Many helpful articles on composting, compost bins and books, and a terrific Beginner’s Guide.
ECHO’s seed ministry is a seed bank set up to provide sample packets of seed to those working on behalf of the poor and who want to evaluate a new crop species or variety. ECHO’s seed bank carries, primarily, seeds of plants likely to thrive under difficult growing conditions in the tropics and subtropics. Their goal is not to serve as seed suppliers, as would a seed store, but as a resource for hard-to-find seeds for development workers to experiment with under the conditions of their project areas. They do not distribute large quantities of seed. Rather, if and when a species shows promise, recipients save and multiply their own seed or purchase larger quantities from other sources.
The CGIAR is a strategic alliance of members, partners and international agricultural centers that mobilizes science to benefit the poor. Their mission is to achieve sustainable food security and reduce poverty in developing countries through scientific research and research-related activities in the fields of agriculture, forestry, fisheries, policy, and environment.
Information on seed types, what to plant, where to plant, edible seeds, and other topics.
A hand operated vacuum packing system developed to facilitate the storage of dry seeds. The system provides a means to seal containers with reduced oxygen content. A sealed container prevents rehydration of seeds, thus extends their viability. The reduced oxygen content suffocates adult insects that are stored with the seeds, and also extends the viability of the seeds by slowing down the seed respiration rate.
ISSI has sponsored projects to help people become truly self-reliant in more than a dozen countries. They provide regionally adapted, open-pollinated seeds and the essential designs, tools and knowledge. They are now using Permaculture design principles to help people grow their own food and seeds.
Numerous resources and links on seeds and agriculture.
The Millennium Seed Bank Project seeks to develop a global seed conservation network, capable of safeguarding wild plant species. This will make direct contributions to national and global conservation/development programs, and will make a big contribution to meeting the objectives of the Convention on Biological Diversity. The current project runs until 2010.
Are you looking for a particular vegetable, herb or flower variety and it’s not available in your favorite catalogs? Their new Seed and Plant Finder lets you quickly search the online catalogs of more than 500 mail-order seed companies. All you have to do is type in the variety you’re looking for in the search box, and you’ll get a list of links to the companies offering the variety.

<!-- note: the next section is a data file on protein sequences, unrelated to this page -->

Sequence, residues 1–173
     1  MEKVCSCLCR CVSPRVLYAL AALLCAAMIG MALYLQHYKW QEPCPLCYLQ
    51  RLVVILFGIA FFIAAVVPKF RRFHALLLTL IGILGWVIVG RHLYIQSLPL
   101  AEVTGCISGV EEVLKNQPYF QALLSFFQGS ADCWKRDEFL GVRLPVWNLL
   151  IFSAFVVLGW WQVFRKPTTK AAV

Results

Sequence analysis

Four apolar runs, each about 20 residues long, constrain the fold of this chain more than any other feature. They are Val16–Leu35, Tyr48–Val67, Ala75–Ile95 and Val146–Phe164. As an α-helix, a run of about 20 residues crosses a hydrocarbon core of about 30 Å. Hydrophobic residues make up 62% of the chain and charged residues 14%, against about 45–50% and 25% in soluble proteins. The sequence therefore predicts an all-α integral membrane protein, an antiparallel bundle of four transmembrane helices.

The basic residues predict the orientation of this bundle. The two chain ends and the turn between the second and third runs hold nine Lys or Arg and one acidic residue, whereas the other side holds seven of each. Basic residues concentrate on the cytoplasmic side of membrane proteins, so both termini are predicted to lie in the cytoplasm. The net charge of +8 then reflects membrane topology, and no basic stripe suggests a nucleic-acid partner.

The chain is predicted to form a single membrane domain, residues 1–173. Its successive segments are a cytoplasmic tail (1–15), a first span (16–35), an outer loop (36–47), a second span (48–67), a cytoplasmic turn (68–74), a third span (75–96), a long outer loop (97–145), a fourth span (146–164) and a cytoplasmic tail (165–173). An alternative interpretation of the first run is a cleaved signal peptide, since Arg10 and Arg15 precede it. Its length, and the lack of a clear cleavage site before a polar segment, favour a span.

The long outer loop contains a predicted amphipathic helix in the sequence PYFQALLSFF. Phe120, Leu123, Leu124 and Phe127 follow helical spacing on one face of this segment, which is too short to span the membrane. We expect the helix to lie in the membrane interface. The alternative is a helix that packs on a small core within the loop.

The Organic Materials Review Institute provides organic certifiers, growers, manufacturers, and suppliers with an independent review of products intended for use in certified organic production, handling, and processing. The purpose of the Organic Seed Database is to provide a single place to find supplies of commercially available organic seeds and planting stock.
A detailed, informative site on specifics of composting. Provides numerous ‘do’s’ and ‘don’ts’ of composting.
The web site is from the Gerhard Leubner Lab at the University of Freiburg, Germany. Topics covered include research projects, seed dictionary, seed structure, evolution, germination, dormancy, modeling, technology and ecology, as well as plant hormones endosperm weakening and water relations.
Seed Savers Exchange is a nonprofit, member-supported organization that saves and shares the heirloom seeds of garden heritage, forming a living legacy that can be passed down through generations. SSE members have distributed an estimated 1 million samples of rare garden seeds since the founding nearly 35 years ago. Those seeds now are widely used by seed companies, small farmers supplying local and regional markets, chefs and home gardeners and cooks, alike. Seed Savers Exchange is the largest non-governmental seed bank in the United States. They permanently maintain more than 25,000 endangered vegetable varieties.
The web site contains information on collecting seeds, storing seeds, sowing seeds, germinating seeds and exchanging seeds, with pictures of seeds, seed pods and seedlings. There are life-size photos of 700 seeds, arranged roughly in order of size. There are photos of nearly 700 seedlings, and germination information for 1,500 species. The Botany Section covers hundreds of botanical and gardening terms, with charts and photos.
Here you will find information on seed identification, seed dormancy, seed testing and seed analysis, seed development, seed germination, and tetrazolium testing for viability. The seed images database contains seed pictures and descriptions of over 1,700 species of seeds.
This article, from the Department of Horticultural Science of North Carolina Research, gives very helpful guidance on starting plants from seeds. Growing your own transplants from seeds indoors can give you a head start on the growing season. In some cases, it may be the only way to obtain plants of a new or special cultivar (variety).
Growing plants from seed is not always an easy task, and over the years this nursery manager has developed and adopted the following techniques to ensure that seeds get a healthy start. Helpful videos and links are also provided.
Select a vegetable from the list to get a page of facts on starting and growing it from seed. Then check out Grow Guide, the online guide that helps you know which vegetable seeds to start, week by week.
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